Top Historic Sights in Rakvere, Estonia

Explore the historic highlights of Rakvere

Rakvere Castle

The earliest data regarding human settlement at Vallimäe in Rakvere come from the Viking Age, an arrowhead from the 9th century and some broken pieces of pottery from this period have been found on the territory of the castle. There is more information about the last centuries of the prehistoric age when an ancient wooden stronghold surrounded by a fence stood in the place of the present convent building. First writ ...
Founded: 1226 | Location: Rakvere, Estonia

Rakvere Church of the Holy Trinity

The first church of Rakvere was built in 1430’s and sanctified to St. Michael. The dilapidated church was reconstructed between 1684-1891. The Rakvere church was damaged in the Great Northern War and restored in 1752 and again in 1850’s. The unusually high and slender spire was added during the last renovation. The beautiful pulpit was made by C. Ackermann in 1690 and the altar by Johann Rabe in 1730. Referen ...
Founded: 1430's | Location: Rakvere, Estonia

Rakvere Town Hall

Rakvere Town Hall was built in 1793 as the city residence of earl Rehbinder. It represents the early Classicism and is ownded by the Rakvere community since 1826. Reference: Tapio Mäkeläinen 2005. Viro - kartanoiden, kirkkojen ja kukkaketojen maa. Tammi, Helsinki, Finland.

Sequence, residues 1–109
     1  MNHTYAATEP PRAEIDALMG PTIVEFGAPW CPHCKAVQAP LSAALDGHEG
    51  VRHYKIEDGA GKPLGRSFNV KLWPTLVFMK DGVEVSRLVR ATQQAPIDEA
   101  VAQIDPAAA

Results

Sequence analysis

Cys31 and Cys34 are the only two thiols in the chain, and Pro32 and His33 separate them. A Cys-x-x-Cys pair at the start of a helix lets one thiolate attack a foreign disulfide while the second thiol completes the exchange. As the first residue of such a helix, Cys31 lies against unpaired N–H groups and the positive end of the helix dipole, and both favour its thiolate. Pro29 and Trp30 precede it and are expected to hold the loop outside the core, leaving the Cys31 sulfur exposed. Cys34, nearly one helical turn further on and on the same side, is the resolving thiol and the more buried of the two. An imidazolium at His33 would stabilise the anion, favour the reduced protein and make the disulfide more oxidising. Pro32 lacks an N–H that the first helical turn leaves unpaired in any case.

Founded: 1793 | Location: Rakvere, Estonia

Rakvere Birth of the Holy Mother Orthodox Church

The church of the Birth of the Holy Mother was built between 1898-1900 in the Old Russian style. The church contains the holy remains of the martyred priest Sergei Florinski, which are the only public holy remains in Estonia. The church is place for pilgrimage in the Russian Orthodox Church. Reference: Visit Estonia
Founded: 1898-1900 | Location: Rakvere, Estonia

Featured Historic Landmarks, Sites & Buildings

Historic Site of the week

Sirmione Castle

Sirmione castle was built near the end of the 12th century as part of a defensive network surrounding Verona. The castle was maintained and extended first as part of the Veronese protection against their rivals in Milan and later under the control of the Venetian inland empire. The massive fortress is totally surrounded by water and has an inner porch which houses a Roman and Medieval lapidary. From the drawbridge, a staircase leads to the walkways above the walls, providing a marvellous view of the harbour that once sheltered the Scaliger fleet. The doors were fitted with a variety of locking systems, including a drawbridge for horses, carriages and pedestrians, a metal grate and, more recently, double hinged doors. Venice conquered Sirmione in 1405, immediately adopting provisions to render the fortress even more secure, fortifying its outer walls and widening the harbour.

Thanks to its strategical geographical location as a border outpost, Sirmione became a crucial defence and control garrison for the ruling nobles, retaining this function until the 16th century, when its role was taken up by Peschiera del Garda.